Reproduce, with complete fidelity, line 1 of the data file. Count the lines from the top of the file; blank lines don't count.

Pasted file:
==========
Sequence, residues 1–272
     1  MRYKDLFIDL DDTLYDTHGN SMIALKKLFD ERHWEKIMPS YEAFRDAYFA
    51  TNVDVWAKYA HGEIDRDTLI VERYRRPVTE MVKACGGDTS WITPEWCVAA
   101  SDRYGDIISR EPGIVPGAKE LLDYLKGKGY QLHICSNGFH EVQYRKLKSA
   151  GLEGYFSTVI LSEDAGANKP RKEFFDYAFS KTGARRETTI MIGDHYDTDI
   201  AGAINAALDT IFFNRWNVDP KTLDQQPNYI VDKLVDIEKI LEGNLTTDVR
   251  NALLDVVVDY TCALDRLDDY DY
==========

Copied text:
Sequence, residues 1–272